Problems with solution algorithms, different MATLAB versions


my co-author and I are working on a Dynare model with the same version (4.4.3), but different MATLAB versions (I have version R2013a, he’s got R2010a). The problem we have is that I frequently get error messages that Dynare can’t find the steady state or that the model is indeterminate, whereas my co-author is able to solve the same .mod file on his computer. It happens with different solvers and we’re both not aware of having changed any tolerance parameters or other settings. We’ve checked the settings for fsolve in MATLAB and they were identical except for those of DiffMinChange and DiffMaxChange, for which my settings were 0 and Inf and his are 1e-08 and 0.1. However, changing that didn’t help.

Does anyone have any idea what the problem might be? It seems that my computer has stricter tolerances in the solution algorithms, but I’m not sure where to change that since it happens with different solvers implemented in Dynare.

Thanks in advance for any advice!


Dear Lena,

could you provide me with a sample code? In addition, I would need more information on the machines you are using. Use


in Matlab to extract the required info. Just send me an email with everything.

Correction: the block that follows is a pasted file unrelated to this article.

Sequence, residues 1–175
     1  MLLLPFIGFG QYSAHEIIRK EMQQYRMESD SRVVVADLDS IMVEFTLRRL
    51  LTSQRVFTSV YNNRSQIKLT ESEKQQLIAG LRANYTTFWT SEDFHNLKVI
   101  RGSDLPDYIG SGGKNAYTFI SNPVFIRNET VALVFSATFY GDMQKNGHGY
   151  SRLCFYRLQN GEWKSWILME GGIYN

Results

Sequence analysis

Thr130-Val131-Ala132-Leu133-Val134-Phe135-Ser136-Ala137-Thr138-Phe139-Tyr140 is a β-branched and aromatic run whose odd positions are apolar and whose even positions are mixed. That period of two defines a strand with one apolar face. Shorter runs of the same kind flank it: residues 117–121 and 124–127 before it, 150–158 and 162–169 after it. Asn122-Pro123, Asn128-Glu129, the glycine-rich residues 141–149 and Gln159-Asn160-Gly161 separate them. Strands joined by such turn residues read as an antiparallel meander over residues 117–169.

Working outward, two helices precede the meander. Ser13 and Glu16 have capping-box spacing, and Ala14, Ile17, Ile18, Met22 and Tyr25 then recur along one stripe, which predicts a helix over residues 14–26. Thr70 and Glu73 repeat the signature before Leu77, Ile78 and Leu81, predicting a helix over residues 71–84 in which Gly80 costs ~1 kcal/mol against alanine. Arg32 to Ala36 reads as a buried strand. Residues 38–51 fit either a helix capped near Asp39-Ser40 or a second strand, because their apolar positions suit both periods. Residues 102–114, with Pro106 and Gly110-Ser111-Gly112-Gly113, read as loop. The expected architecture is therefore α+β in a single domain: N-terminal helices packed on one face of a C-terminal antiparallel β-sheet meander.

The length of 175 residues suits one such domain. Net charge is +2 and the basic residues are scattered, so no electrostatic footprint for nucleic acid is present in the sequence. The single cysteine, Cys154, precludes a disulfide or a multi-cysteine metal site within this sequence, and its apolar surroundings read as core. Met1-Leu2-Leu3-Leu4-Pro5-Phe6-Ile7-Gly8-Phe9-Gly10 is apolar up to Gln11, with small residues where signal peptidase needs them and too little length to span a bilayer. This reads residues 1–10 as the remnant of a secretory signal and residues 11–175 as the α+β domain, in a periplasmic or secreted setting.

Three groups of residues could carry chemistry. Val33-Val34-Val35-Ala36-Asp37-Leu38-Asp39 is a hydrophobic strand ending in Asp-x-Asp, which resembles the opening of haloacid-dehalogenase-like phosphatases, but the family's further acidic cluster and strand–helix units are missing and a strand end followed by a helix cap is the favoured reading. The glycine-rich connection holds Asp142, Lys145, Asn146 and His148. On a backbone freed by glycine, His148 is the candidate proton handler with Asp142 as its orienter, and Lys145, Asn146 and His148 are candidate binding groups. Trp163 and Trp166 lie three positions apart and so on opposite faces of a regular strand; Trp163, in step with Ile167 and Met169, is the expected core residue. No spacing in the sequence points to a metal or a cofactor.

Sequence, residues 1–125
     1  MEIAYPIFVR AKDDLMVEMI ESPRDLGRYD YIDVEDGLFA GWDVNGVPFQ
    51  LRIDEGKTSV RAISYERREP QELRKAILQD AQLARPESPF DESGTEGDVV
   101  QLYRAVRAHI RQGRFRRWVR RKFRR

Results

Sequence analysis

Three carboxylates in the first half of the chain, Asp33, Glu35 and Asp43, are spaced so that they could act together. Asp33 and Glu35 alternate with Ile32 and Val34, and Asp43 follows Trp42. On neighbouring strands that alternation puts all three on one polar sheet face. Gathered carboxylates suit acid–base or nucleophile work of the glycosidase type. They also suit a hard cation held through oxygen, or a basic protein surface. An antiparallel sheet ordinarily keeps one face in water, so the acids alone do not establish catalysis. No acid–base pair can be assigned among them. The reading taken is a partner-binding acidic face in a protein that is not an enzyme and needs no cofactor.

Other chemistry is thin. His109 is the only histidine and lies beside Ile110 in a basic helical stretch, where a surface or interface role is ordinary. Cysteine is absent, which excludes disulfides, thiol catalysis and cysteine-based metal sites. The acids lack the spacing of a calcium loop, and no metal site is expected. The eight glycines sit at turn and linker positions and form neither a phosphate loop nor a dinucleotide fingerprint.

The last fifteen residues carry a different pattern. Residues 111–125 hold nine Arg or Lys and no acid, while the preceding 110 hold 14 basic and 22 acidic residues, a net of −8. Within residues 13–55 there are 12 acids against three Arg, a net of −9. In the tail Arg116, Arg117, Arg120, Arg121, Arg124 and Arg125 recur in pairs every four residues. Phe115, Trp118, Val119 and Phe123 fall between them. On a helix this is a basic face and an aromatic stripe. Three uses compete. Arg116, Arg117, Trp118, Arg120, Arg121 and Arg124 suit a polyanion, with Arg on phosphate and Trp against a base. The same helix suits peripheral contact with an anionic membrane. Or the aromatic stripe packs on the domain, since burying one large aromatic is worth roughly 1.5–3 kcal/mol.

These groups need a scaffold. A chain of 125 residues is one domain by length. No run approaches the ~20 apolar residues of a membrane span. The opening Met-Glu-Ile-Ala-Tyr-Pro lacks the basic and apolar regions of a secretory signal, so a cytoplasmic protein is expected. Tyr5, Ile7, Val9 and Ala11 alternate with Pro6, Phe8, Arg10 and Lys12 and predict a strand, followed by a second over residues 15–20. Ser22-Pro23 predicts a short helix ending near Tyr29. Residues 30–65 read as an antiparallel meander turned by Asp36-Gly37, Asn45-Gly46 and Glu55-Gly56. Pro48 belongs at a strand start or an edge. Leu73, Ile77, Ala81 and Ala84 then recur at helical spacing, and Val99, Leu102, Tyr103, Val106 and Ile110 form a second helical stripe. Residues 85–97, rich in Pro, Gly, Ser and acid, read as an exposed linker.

Something that has changed between Matlab versions is the random number generator. So depending on the routines you use, the results may differ. But as you are referring to fsolve, this should not matter.

Dear Lena,
I checked your files. The difference comes from the fact that you are using a 64bit version and your coauthor is using 32bit. Usually this does not matter. But your model has a singularity problem. In this case, the solution and the solution algorithms are very sensitive to small changes as the problem is unstable. The 64bit version due to being 64bit by default has a higher precision and this shows.

That being said, there is no unique solution for your model and which solution the solvers pick is arbitrary in any case. Thus, you need to fix the underlying problem. Even if you currently get the model to run (on my machine, depending on the solver the BK conditions are sometimes satisfied and sometimes not), you cannot trust the results. Take the singularity serious. The only case where you are allowed to have singularity warnings is when having unit roots.

Dear Johannes,

many thanks, that helps clarifying things a lot! We’re aware of the singularity problem and working on it.

Thanks again,